Legal
SAT said that only the Institute of Chartered Accountants of India can take any action against its members and that negligence in auditing doesn’t amount to fraud.
Image: Bjørn Erik Pedersen via Wikimedia commons

The Securities Appellate Tribunal (SAT) has overturned the order issued by SEBI banning Price Waterhouse Coopers over the Satyam Computers case. SEBI had ruled that PwC cannot take up auditing of any listed company for two years. The issue relates to the case of Satyam Computers, which was found to be in deep trouble financially since the promoter Ramalinga Raju had indulged in window-dressing the balance sheets of the company for years. Price Waterhouse, the company’s auditors at that time, failed to detect any irregularity and this was the reason for SEBI passing the ban order.

SAT, however, took a different stance and said it was not under SEBI’s purview to come to conclusion on the quality of audit being undertaken by the Chartered Accountants. It has to be done by the Institute of Chartered Accountants of India, ICAI, which alone can ban its members for not performing as per the standards and norms set by the institute.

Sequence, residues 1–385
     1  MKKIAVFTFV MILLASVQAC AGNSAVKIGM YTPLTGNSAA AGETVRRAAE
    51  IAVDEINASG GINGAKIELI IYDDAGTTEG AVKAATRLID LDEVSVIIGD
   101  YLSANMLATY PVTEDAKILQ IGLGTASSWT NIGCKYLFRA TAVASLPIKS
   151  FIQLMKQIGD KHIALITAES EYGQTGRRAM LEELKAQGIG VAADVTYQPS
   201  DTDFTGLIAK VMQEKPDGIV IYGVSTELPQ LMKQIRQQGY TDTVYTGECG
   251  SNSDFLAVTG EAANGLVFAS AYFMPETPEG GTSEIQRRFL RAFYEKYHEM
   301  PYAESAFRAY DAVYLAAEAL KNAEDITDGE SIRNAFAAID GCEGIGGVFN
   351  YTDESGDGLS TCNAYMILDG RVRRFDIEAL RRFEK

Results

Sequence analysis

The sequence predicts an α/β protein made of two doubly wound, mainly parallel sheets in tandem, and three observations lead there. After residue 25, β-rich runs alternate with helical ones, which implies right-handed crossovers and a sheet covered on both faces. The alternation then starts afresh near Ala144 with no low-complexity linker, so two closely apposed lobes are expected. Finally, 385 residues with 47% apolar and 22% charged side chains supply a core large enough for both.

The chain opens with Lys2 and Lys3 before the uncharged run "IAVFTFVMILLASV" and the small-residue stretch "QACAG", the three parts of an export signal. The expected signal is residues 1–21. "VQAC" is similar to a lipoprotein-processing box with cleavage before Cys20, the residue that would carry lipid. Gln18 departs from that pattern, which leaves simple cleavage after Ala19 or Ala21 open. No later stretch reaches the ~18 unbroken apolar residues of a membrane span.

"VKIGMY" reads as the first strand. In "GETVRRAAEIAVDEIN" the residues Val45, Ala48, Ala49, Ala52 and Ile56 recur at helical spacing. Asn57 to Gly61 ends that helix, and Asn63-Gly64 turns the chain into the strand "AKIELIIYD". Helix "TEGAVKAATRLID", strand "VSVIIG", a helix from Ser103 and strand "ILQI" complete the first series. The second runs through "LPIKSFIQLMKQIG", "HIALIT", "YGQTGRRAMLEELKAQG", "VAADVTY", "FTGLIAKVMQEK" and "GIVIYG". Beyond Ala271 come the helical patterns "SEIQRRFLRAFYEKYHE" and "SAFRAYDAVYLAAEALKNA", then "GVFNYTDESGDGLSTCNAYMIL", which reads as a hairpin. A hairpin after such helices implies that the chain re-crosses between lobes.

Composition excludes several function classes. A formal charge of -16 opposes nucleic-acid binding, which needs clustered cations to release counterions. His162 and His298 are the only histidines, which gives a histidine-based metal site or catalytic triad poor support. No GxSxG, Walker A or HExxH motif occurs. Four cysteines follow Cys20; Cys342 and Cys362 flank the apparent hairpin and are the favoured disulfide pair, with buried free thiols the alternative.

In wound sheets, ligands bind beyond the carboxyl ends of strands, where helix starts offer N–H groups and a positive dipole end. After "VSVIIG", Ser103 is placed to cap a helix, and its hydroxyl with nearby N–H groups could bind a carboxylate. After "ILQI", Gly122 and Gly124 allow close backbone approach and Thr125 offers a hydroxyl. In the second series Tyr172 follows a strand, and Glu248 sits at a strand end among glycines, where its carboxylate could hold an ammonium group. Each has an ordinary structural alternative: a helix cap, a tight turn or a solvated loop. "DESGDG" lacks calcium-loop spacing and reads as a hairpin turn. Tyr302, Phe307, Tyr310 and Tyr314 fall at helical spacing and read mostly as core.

At the same time, SAT has found there was a breach of duty and therefore it ordered that the Rs 13 crore fee paid to PwC be recovered along with interest from the audit firm. SAT has found mere negligence in auditing and says negligence cannot be equated with fraud. SAT goes on to affirm that the role of SEBI in such cases is to remedy the situation and take steps to prevent them. It finds the banning of PwC is not the right way. Further, the Tribunal has held that action against 10 firms associated with PwC is also not fair. It has suggested that only couple of partners who were directly connected to the audit of Satyam Computers should be proceeded against.

The Satyam Computer case came to the fore when the promoter himself confessed that he had been fudging the account books. There were inflated amounts showed as fixed deposits which the auditors perhaps failed to verify through certificates from the concerned banks. What was originally thought of as a Rs 5,000 crore scam turned out to be worth as high as Rs 7,800 crore when SEBI conducted its investigation.